Trying to ensure the Charleston harbor dredging is not derailed, the South Carolina State Ports Authority has agreed this week to provide its $9.5 million share of a feasibility study in advance.
The Army Corps of Engineers is conducting a five-year study into deepening the harbor for the larger cargo ships that will begin arriving along the East Coast in the coming years. However, the agency can only spend whatever Congress or the President gives them– and President Obama left the feasibility study off his budget this past year.
In the past, funding would not have been an issue, as a senator or congressman would have simply requested it through an earmark. But earmarks are no longer allowed in House and Senate rules, so now port officials have to hope the funding is either included in the budget or considered a high priority by the Corps (in the absence of a budget).
“If the Corps doesn’t get funding, then you could end up just stalling,” Ports Authority spokesman Byron Miller said.
The Ports Authority– which previously agreed to cover roughly half of the study’s estimated cost– is providing its full share up front, so the study can move forward even if no federal money comes down next year. “This buys us a little bit of time,” Miller said, “But it does not remove the immediacy of Congress acting to ensure that the funding is in place.”
The study alone is expected to take five to seven years. Then another two years is needed before dredging can even begin. The Corps says it will try to speed up the process as much as possible, but warned the study is meticulous and time-consuming. “We’ve set up to do some things a little differently and move a little aggressively on certain tasks,” said Lisa Matheney, Assistant Chief of Programs & Project Management for the agency’s Charleston District, “We’re pushing as hard as we can right now to hit that five-year mark.”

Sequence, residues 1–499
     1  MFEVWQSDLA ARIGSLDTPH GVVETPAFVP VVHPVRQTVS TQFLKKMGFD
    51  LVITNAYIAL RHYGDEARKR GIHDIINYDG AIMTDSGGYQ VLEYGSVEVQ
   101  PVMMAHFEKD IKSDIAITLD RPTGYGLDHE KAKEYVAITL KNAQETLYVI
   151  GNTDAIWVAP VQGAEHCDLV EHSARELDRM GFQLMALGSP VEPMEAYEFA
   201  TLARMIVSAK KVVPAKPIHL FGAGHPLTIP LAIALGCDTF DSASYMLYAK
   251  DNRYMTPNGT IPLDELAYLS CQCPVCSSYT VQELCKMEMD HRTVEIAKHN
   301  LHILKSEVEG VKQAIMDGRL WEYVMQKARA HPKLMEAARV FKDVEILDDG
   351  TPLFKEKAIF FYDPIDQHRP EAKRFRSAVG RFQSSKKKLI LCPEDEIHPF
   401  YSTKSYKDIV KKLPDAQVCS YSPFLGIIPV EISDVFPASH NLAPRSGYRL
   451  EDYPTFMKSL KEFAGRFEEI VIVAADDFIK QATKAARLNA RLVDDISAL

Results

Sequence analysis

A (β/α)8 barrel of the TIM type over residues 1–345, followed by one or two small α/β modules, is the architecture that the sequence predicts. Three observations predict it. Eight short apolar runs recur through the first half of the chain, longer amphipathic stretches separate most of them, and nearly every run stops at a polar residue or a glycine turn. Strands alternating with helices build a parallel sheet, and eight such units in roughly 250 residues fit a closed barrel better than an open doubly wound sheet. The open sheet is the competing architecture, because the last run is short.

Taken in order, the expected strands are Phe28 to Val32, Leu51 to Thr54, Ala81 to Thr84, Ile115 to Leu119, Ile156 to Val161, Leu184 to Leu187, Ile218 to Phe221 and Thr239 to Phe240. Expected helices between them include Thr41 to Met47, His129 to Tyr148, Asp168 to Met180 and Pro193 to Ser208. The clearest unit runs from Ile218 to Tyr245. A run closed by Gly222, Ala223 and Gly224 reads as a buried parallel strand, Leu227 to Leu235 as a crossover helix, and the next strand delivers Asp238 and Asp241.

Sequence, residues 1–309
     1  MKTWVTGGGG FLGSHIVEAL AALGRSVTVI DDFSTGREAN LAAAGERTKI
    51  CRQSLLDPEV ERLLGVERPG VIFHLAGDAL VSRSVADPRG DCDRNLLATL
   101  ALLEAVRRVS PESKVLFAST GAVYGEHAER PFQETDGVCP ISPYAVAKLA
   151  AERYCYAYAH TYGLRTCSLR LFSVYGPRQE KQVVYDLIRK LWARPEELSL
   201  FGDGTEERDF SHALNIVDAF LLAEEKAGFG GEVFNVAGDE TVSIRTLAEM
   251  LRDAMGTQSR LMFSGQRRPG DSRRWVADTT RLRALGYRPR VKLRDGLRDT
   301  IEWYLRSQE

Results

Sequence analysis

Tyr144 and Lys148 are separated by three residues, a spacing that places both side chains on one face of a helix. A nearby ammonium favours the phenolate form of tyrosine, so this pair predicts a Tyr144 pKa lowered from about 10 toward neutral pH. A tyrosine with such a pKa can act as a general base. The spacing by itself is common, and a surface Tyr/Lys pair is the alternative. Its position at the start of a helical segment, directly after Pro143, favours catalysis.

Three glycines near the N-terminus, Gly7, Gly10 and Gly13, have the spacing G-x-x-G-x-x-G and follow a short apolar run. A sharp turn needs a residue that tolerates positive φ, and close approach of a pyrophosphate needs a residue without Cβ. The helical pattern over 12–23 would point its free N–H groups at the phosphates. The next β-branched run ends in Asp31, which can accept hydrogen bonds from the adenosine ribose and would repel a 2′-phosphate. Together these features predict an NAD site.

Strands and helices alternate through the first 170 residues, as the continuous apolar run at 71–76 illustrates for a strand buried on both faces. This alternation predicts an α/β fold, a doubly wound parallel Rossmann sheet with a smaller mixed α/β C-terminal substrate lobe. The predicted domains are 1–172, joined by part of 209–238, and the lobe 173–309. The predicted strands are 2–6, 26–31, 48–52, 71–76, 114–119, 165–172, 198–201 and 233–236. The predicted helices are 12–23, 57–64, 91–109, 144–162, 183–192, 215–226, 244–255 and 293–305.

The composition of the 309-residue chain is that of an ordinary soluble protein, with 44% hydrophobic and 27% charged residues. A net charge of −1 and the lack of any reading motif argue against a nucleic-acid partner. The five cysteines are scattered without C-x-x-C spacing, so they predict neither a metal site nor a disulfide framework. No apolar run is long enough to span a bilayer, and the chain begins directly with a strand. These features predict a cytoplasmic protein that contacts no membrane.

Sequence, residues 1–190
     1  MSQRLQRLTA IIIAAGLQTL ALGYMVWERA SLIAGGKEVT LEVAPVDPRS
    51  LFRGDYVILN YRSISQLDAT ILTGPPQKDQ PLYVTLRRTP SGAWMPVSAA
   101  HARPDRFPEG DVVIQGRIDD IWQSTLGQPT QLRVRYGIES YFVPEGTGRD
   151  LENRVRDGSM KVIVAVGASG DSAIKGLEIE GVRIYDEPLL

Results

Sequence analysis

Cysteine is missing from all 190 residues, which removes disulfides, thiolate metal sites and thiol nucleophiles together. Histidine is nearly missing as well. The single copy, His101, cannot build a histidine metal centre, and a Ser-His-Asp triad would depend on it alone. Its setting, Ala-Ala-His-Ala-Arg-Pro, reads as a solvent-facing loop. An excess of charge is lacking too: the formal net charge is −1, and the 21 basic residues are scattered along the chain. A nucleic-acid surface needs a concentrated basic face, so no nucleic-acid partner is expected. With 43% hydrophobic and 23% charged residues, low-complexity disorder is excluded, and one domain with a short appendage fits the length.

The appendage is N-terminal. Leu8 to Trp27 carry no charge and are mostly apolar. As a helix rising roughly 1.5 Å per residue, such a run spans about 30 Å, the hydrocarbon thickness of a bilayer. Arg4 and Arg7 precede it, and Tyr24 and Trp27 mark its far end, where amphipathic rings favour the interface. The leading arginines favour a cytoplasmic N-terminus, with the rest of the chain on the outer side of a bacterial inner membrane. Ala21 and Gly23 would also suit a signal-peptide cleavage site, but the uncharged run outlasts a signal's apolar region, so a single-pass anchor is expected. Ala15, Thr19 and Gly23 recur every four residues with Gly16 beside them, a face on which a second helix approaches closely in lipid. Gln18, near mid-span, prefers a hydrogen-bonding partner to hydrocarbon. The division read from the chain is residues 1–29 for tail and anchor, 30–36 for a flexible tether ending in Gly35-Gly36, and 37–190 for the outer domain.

Miller said the project needs to be done as soon as possible– larger ships are already sailing into the harbor that require every inch of its current 45-foot depth. The SPA believes the harbor needs to be dredged to about 50 feet.
The next step in the process will be a series of public meetings in October and November, where the Corps will ask for public input. Then, the agency will spend the next 4-5 months gathering data from the harbor itself. The following years will be spent examining the different dredging plans and researching the costs and benefits of each.
A U.S. Senate committee, at the request of Sen. Lindsey Graham (R-SC) and others, passed an amendment that would create a pool of federal funding for harbor studies. The amendment would allow the Corps to decide which harbor receives the funds. However, that plan still has to pass the full Senate and House.